Mission Statement: This blog was created to provide information on getting help for autism in general while focussing on locally available resources for families with newly diagnosed children in Belleville and Quinte area.

Please browse the blog at your leisure. You are welcome to comment on the posts. If you are a parent, an autism consultant, counselor, teacher with information on autism resources available in our area, please email your information to benziesangma@gmail.com. Your information will be added within 24 hours.

Local Autism Support Groups

Parents Engaging Autism Quinte (PEAQ), an autism parent support group, meets once a month on the first Tuesday of the month (no meetings in January, July and August) at Kerry's Place, 189 Victoria Avenue, Belleville at 6:30 to 8 p.m. If you have questions or suggestions for autism topics that are important to you please go to our FaceBook account and post your suggestions so that we can invite appropriate autism professionals to speak at these meetings. There won't be any meeting in December but we are taking local families supporting individuals with moderate to severe sensory challenges to the Christmas Event at the Children's Safety Village half an hour prior to the event being opened to the public.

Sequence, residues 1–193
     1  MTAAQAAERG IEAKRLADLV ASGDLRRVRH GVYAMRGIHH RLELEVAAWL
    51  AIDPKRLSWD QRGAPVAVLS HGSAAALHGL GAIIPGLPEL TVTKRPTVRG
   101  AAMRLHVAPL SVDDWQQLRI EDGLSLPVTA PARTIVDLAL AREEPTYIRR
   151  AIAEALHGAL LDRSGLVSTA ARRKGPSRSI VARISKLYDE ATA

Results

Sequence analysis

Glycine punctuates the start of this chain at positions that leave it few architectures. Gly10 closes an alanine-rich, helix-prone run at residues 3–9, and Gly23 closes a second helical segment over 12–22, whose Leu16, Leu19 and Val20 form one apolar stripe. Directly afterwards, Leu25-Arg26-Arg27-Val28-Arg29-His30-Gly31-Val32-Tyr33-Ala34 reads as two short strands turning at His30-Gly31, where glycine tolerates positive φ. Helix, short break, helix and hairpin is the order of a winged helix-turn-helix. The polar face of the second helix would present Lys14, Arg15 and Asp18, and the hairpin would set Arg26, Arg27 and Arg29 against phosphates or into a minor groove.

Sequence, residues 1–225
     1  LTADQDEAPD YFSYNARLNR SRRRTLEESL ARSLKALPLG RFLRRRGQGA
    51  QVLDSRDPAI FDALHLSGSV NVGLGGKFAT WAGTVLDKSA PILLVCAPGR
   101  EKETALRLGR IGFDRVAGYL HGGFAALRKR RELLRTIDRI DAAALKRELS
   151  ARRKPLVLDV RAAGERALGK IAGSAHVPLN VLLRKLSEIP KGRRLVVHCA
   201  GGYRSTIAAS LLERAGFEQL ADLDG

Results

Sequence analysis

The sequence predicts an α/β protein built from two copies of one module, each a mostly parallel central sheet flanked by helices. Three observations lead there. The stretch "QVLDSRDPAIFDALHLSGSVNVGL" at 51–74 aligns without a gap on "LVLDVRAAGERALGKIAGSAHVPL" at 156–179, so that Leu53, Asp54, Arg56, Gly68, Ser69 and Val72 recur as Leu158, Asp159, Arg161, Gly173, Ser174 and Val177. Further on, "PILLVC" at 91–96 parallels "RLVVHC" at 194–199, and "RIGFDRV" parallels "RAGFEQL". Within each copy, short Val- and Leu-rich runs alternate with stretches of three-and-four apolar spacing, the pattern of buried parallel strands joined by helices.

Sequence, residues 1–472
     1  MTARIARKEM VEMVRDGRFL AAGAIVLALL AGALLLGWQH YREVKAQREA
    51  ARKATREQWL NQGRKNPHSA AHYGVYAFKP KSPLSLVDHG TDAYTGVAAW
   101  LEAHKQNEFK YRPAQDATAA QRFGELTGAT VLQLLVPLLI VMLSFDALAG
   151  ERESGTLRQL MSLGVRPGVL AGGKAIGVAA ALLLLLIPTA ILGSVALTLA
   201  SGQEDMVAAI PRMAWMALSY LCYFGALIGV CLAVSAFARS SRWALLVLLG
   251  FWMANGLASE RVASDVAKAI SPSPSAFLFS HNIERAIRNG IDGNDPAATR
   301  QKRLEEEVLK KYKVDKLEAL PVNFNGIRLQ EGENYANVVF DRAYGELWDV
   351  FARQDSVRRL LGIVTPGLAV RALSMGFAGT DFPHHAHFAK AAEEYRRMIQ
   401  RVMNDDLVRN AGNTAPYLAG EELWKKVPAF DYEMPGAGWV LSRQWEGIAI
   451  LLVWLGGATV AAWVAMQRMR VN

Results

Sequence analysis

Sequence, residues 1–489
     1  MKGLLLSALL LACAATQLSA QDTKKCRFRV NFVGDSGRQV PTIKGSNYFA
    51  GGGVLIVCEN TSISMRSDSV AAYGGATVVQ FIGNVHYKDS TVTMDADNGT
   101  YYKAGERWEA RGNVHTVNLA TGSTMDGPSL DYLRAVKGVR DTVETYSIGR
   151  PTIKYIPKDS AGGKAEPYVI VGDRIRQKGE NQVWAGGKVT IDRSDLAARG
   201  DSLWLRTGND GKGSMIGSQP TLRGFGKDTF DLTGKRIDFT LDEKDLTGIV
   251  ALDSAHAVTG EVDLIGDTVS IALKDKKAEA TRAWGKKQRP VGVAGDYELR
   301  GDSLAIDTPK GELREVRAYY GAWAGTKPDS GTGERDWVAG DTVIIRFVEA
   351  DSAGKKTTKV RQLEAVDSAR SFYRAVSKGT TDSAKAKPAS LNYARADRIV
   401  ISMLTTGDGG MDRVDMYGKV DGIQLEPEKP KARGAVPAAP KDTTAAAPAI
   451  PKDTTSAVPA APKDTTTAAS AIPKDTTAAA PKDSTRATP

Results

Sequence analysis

Autism parent support group meeting hosted by Mental Health Agency, Trenton and Military Family Resource Centre (MFRC) meeting is on the Second Thursday of the month from 6 to 7:30 p.m. If you have require any further information please contact Marya Peters for more information at 613 392-2811 ext 3953 or email marya.p@trentonmfrc.ca

For info on Community Living Prince Edward County Parent Support group, contact Resource Consultants @ 613 476 6038

Central Hastings Autism Support Group meets in Madoc at the Recreation Centre. Contact Renee O’Hara, Family Resource & Support, 613-966-7413 or Tammy Kavanagh, Family Resource & Support, 613-332-3227

Strategies for challenging behaviours

Monday, April 2, 2012

April 2 Fifth Annual World Autism Awareness Day